I came across this gem of a book when looking for a present for one of those ‘hard to buy for’ friends and liked it so much that I had to get a copy for myself. I think that the original story is a Chinese parable and in this instance a new text was written by John Kuramoto with illustrations by Jon J Muth. The story tells of a stonecutter who wants to be everything he is not and has to learn the hard way that what he really wants to be is exactly who he is.
The text is only one or two sentences to a page with an accompanying illustration. The images are delightful, all monochrome and wonderfully succinct. The book itself is really nicely produced, small (125mm x 165mm), hardback, printed on gloss paper and is a real pleasure to hold and read.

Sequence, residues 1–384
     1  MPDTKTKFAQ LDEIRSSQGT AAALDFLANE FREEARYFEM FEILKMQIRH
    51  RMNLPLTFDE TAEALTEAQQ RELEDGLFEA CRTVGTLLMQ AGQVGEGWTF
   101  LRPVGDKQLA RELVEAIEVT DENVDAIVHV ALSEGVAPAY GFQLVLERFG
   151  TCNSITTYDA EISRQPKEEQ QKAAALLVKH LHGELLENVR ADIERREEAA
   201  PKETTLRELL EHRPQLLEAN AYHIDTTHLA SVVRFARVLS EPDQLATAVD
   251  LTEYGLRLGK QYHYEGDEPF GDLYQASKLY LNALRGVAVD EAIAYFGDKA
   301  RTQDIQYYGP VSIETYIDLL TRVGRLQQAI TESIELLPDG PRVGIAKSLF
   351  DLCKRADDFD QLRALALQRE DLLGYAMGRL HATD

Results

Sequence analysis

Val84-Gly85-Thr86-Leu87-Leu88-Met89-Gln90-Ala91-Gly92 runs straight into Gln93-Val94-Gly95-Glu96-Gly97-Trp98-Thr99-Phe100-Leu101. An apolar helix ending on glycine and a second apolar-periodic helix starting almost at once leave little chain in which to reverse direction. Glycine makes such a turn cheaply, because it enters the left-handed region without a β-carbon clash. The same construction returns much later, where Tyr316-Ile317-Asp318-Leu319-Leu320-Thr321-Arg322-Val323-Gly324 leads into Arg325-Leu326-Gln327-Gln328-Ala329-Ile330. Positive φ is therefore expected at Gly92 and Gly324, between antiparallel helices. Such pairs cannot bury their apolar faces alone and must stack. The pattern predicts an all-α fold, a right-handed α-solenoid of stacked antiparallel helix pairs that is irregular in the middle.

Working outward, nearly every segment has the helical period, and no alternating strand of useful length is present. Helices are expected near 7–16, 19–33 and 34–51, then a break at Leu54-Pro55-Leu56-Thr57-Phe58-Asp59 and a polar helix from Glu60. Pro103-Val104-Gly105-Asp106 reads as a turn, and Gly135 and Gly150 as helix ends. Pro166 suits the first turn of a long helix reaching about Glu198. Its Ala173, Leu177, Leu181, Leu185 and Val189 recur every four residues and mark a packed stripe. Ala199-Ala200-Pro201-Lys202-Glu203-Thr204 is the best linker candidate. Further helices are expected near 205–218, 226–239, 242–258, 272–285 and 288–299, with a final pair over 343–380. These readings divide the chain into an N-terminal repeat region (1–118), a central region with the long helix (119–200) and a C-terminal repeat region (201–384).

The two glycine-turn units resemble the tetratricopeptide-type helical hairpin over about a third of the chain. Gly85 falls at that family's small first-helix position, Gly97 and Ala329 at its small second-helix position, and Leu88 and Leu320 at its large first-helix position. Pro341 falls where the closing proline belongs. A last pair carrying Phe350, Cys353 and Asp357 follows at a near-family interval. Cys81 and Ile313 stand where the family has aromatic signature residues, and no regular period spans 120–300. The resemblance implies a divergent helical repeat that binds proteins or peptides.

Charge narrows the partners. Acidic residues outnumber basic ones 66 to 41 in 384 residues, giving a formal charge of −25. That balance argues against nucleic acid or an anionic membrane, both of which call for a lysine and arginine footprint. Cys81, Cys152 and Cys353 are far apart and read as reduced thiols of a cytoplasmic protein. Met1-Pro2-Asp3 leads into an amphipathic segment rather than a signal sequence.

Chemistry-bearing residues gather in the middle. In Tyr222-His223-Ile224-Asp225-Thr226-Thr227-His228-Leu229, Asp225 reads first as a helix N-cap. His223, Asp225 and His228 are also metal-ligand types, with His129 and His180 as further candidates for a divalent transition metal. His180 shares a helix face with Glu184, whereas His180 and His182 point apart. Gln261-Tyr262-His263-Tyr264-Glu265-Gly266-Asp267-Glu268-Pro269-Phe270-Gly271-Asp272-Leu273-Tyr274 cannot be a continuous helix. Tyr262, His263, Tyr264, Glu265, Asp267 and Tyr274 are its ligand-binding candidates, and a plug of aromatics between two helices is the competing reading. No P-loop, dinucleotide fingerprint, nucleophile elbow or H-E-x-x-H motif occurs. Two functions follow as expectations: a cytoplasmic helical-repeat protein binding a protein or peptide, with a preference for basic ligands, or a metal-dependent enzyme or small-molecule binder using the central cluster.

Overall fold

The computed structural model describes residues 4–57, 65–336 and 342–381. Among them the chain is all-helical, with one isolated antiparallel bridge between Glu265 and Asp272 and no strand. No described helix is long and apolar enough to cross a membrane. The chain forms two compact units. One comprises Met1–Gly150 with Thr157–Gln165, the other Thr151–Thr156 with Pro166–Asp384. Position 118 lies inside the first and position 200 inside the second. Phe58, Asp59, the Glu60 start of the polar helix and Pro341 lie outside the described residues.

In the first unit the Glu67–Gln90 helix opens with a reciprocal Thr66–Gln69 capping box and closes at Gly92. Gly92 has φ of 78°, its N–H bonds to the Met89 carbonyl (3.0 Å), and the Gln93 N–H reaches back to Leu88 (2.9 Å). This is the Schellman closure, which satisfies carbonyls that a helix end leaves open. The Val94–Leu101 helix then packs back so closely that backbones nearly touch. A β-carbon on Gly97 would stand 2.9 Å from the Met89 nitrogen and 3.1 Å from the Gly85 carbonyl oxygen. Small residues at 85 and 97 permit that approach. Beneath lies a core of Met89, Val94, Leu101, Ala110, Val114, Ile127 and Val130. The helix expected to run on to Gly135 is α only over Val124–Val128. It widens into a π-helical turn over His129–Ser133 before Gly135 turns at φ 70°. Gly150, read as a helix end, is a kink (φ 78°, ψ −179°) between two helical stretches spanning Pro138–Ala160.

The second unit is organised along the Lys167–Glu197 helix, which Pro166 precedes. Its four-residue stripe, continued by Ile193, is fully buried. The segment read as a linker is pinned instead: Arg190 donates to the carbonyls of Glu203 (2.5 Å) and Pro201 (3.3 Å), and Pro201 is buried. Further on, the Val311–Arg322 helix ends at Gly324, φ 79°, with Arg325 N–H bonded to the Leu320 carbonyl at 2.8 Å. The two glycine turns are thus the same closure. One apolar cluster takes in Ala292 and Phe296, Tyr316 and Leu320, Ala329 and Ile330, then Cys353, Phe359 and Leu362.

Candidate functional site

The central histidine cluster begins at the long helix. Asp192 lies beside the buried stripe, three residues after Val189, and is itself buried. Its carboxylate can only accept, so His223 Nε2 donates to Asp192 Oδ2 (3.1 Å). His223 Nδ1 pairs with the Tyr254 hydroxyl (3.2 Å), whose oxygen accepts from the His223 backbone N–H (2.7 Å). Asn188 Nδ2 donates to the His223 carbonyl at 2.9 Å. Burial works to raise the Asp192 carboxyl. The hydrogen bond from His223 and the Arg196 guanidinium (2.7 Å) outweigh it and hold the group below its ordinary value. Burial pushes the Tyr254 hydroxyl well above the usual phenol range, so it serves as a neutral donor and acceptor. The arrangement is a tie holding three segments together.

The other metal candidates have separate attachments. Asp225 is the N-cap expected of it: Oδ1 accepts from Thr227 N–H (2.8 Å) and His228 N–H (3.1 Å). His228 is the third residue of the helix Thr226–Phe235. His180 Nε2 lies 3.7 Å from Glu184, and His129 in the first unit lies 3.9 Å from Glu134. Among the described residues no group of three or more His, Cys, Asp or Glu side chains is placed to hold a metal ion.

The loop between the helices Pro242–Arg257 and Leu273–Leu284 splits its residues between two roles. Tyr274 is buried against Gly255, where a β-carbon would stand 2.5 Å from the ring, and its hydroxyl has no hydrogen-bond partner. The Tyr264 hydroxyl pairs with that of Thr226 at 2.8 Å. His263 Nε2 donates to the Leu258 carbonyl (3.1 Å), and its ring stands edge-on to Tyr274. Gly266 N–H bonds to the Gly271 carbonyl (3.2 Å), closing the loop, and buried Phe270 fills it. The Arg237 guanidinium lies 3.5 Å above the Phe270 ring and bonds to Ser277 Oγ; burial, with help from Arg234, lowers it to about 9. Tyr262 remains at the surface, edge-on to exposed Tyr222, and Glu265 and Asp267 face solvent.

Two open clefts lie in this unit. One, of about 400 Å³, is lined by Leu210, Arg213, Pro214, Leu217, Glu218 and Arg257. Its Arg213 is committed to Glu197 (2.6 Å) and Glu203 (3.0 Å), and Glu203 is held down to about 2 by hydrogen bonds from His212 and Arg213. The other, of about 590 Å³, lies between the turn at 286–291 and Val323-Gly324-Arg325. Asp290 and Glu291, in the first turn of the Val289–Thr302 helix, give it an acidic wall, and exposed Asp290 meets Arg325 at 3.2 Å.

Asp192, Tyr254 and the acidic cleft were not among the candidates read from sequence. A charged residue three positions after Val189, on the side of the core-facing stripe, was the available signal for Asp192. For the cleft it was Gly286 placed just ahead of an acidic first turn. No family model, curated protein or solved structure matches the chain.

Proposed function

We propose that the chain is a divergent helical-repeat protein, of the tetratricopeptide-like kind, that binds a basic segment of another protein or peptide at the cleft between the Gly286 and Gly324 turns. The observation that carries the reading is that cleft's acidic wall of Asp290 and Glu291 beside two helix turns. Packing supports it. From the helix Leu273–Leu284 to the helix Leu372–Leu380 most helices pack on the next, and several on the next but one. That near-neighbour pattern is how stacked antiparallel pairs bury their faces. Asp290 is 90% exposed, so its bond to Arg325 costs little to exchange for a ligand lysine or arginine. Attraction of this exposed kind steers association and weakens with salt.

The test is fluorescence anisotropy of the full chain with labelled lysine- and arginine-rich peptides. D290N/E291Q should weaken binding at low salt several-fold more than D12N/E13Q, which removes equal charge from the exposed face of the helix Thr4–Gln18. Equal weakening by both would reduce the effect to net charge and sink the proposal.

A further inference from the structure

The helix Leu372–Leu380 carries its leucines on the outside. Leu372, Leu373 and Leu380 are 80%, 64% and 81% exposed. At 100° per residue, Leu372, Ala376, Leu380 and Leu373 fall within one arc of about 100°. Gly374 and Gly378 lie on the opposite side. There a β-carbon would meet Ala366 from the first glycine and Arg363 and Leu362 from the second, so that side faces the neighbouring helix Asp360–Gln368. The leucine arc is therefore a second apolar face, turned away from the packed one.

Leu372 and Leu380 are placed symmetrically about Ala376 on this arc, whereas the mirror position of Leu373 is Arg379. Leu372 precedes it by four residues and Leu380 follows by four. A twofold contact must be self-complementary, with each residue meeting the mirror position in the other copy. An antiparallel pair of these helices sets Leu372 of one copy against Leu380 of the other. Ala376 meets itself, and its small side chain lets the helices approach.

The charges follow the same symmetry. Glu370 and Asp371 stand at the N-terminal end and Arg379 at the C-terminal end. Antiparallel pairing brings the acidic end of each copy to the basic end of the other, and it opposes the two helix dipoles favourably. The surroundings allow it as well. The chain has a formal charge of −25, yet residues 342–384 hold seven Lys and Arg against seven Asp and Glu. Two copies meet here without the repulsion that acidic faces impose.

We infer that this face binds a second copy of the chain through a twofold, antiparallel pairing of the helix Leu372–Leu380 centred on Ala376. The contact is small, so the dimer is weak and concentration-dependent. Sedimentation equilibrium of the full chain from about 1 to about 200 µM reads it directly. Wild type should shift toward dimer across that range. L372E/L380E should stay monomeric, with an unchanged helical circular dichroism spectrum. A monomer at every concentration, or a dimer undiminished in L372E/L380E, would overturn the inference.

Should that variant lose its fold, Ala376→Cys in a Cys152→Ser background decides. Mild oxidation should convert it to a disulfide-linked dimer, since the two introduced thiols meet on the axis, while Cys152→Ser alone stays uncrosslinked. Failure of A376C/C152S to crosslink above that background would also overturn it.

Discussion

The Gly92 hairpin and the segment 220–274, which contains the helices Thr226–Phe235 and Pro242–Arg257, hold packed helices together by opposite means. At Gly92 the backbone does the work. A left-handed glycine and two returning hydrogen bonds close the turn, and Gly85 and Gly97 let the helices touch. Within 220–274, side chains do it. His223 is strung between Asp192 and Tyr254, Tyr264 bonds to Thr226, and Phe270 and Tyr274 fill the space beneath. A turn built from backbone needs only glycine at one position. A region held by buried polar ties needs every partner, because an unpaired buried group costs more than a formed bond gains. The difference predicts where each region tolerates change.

The reason I’m mentioning this in my Brushes with Watercolour is because after buying the book I looked up Jon J Muth and came across a brief video about the artist and his work on this particular book. The film and book have a similar feel and exude a zen like stillness and calmness. What I really enjoyed was, after have seen the illustrations in such a small book, being given a glimpse in the video as to how they are produced. He used black ink and an absolutely enormous Chinese squirrel hair brush – the sort you can barely get your hand around.
It was great to see the artist’s assuredness and confidence with the brush and, in the book, how economically he distills the essentials to tell the story and leave you with images that live on in the mind. I’d love to be able to exert a similar distillation of unnecessary details on my own work. Since first buying this book as a present I’ve bought it for quite a few people and it’s one of those presents that’s a real pleasure to give. Should you ever be short of ideas, you can pick up a copy of Stonecutter on Amazon.